The DR method is implemented as a stand-alone algorithm that converts calibrated radiances from any of the three polar-orbiting sounders, AIRS, IASI, and CrIS, into Level 2 (L2) products. It has been released as part of the CIMSS (Cooperative Institute of Meteorological Satellite Studies) CSPP (Community Satellite Processing Package) software package and is open-source in the public domain. The method is unique in its multi-instrument scope and retrieval capability with which the Earth surface, atmosphere, and clouds can be characterized anywhere on the globe twice daily (corresponding to satellite overpasses). Moreover, the regression relations are defined by training data sets that capture the variance of atmospheric parameters and comprise global coverage over all four seasons, which lends it consistent accuracy and precision irrespective of the geolocation and time of the measurements. Although model data is available globally as well, it strongly depends on in-situ measurements for depiction of mesoscale features, which renders it reliable only in those areas with established in-situ measurement networks (e.g., North America and Europe), and less reliable in polar and oceanic regions, as well as large parts of Asia and Africa. The DR method's reliable geophysical characterization is due to the fact that information is retrieved from radiance measurements alone, the quality of which is consistent across the globe and independent of geographic area.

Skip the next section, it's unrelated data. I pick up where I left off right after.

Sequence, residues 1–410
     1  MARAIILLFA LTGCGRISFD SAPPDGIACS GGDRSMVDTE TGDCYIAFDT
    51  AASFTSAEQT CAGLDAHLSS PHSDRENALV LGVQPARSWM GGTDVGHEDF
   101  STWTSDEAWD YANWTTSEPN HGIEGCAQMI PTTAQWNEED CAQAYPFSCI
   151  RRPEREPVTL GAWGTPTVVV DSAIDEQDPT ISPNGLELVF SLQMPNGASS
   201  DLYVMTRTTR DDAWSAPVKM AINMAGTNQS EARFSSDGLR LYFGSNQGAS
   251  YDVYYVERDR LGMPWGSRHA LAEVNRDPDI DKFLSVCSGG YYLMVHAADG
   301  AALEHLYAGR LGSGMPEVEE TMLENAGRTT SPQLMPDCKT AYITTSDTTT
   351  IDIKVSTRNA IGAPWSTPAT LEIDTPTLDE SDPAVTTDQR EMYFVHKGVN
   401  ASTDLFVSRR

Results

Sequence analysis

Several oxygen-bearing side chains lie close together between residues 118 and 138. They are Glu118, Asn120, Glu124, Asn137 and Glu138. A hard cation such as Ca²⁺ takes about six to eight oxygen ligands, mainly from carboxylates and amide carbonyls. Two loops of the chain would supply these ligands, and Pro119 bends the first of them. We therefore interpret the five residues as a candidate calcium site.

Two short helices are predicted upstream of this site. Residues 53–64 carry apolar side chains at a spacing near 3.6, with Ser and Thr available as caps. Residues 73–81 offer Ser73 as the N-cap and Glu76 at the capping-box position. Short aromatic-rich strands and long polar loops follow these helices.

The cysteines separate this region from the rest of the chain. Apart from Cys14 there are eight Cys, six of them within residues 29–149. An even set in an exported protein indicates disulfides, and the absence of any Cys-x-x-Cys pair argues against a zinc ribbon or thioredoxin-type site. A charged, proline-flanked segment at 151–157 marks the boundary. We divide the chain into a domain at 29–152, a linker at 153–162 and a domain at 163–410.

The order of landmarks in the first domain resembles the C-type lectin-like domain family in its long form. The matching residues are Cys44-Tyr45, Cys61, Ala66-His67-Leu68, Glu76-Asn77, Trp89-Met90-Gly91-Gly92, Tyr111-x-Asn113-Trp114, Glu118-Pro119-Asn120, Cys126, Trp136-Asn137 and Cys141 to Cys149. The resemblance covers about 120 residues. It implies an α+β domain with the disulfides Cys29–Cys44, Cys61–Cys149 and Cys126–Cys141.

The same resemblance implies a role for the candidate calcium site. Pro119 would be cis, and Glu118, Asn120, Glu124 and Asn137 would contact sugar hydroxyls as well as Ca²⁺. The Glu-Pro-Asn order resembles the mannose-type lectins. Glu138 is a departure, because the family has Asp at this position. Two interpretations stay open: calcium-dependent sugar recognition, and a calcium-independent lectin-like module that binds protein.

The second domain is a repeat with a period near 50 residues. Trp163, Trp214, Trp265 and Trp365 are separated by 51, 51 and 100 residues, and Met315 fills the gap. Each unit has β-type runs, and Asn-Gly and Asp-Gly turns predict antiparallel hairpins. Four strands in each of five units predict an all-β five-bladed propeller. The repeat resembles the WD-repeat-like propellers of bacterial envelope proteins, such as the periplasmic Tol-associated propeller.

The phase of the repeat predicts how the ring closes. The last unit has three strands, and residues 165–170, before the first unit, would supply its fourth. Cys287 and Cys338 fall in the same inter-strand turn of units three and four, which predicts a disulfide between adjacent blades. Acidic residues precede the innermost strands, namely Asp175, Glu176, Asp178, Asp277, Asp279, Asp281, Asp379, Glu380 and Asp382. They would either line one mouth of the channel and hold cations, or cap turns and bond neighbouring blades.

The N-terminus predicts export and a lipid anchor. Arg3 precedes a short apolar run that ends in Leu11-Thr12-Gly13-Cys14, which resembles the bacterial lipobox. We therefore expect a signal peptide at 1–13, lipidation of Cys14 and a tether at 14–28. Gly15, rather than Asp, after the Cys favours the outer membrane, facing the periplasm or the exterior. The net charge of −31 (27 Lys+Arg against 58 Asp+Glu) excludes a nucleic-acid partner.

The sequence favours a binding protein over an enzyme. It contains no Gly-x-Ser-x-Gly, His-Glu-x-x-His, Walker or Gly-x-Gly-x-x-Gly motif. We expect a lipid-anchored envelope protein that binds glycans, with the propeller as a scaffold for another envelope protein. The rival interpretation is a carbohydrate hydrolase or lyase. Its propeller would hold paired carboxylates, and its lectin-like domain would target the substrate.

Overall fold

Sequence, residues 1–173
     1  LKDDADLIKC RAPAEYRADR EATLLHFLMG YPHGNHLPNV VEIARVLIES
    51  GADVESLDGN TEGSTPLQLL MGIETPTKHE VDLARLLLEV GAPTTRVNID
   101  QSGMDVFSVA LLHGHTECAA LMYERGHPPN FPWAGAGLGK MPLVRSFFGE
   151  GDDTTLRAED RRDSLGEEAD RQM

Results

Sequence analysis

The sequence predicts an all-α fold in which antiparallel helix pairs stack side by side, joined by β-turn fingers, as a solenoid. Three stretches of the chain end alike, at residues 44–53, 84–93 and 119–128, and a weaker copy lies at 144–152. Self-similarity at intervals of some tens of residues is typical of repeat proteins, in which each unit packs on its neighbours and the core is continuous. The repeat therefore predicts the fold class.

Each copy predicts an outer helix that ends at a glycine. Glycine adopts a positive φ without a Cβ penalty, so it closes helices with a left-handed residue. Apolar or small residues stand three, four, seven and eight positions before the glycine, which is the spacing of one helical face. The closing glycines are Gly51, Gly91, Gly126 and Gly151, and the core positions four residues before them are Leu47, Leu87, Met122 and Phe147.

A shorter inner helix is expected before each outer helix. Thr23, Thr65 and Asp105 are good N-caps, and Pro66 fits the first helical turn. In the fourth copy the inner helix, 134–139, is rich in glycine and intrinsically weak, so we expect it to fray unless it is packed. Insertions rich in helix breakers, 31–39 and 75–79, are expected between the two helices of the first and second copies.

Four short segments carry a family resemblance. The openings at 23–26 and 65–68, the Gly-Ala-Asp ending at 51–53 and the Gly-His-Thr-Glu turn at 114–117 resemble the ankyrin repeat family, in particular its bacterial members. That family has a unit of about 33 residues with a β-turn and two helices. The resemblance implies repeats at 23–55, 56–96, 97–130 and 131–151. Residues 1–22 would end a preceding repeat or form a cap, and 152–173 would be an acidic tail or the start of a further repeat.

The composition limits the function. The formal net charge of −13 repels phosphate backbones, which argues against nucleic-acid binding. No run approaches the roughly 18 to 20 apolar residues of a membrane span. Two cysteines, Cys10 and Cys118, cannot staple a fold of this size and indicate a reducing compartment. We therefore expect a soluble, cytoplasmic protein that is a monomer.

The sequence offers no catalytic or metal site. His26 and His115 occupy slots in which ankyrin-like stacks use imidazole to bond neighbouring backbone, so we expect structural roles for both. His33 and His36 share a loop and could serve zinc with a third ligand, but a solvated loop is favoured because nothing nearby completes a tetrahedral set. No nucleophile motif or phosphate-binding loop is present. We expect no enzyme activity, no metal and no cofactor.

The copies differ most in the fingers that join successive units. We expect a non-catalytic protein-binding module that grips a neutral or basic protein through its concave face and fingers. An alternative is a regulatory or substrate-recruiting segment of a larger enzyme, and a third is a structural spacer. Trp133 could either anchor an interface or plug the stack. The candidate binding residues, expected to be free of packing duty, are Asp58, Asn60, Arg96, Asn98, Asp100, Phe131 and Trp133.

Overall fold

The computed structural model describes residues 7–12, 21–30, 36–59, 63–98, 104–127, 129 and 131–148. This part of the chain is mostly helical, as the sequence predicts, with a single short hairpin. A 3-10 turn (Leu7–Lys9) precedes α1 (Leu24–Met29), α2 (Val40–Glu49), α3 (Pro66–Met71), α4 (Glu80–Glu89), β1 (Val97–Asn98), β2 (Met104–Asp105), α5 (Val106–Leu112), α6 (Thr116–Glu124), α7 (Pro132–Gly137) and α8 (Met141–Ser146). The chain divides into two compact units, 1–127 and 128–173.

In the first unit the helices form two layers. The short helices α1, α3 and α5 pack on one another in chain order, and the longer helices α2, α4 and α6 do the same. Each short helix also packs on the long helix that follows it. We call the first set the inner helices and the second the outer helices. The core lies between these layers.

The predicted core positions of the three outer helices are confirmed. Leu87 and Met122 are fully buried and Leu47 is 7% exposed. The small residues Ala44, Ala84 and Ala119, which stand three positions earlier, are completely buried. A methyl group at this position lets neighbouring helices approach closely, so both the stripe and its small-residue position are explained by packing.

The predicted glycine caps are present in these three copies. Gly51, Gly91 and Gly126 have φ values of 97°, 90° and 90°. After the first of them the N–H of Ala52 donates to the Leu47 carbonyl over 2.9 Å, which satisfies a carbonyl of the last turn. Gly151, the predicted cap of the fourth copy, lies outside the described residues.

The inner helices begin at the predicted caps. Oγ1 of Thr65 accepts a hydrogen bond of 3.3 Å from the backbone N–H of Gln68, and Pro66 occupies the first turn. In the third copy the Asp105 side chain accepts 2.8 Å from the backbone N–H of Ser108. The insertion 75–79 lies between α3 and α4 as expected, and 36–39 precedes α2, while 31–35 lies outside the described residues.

In this paper, we revisit the simple linear regression basis of the DR method but elaborate specifically on those steps that are taken toward retrieving nonlinear parameters, e.g., cloud top pressure (CTP). These physically based decision steps greatly enhance the accuracy with which geophysical parameters can be characterized at instrument resolution.
 An overview of the core statistical nature of the DR method is given in section 2. An in-depth discussion of the geophysical steps taken to advance the nonlinear capabilities of the DR method follows in section 3 with a focus on the correct determination of the cloud top pressure. The criteria used to determine whether a FOV is cloudy or clear are detailed in section 4. Retrieved cloud top pressures are converted and compared with cloud top heights (CTHs) from CALIOP (Cloud-Aerosol Lidar with Orthogonal Polarization), the lidar instrument on board CALIPSO (Cloud-Aerosol Lidar and Infrared Pathfinder Satellite Observation) [Winker et al., 2009], in section 5. In particular, for thin cirrus and other tenuous clouds, quantifying the accuracy of the cloud height retrievals using measurements from a lidar instrument like CALIOP is invaluable. Section 5 also describes how sounder radiances and retrieval products provide quantitative information about the atmospheric state in comparison with visible imagery from MODIS (Moderate Resolution Imaging Spectroradiometer) and VIIRS (Visible Infrared Imaging Radiometer Suite). When reasonable cloud heights have been found, the final sounding profiles are constructed from the clear and the cloudy regression solutions. This process is described in section 6. A summary of the main conclusions and future research is given in section 7.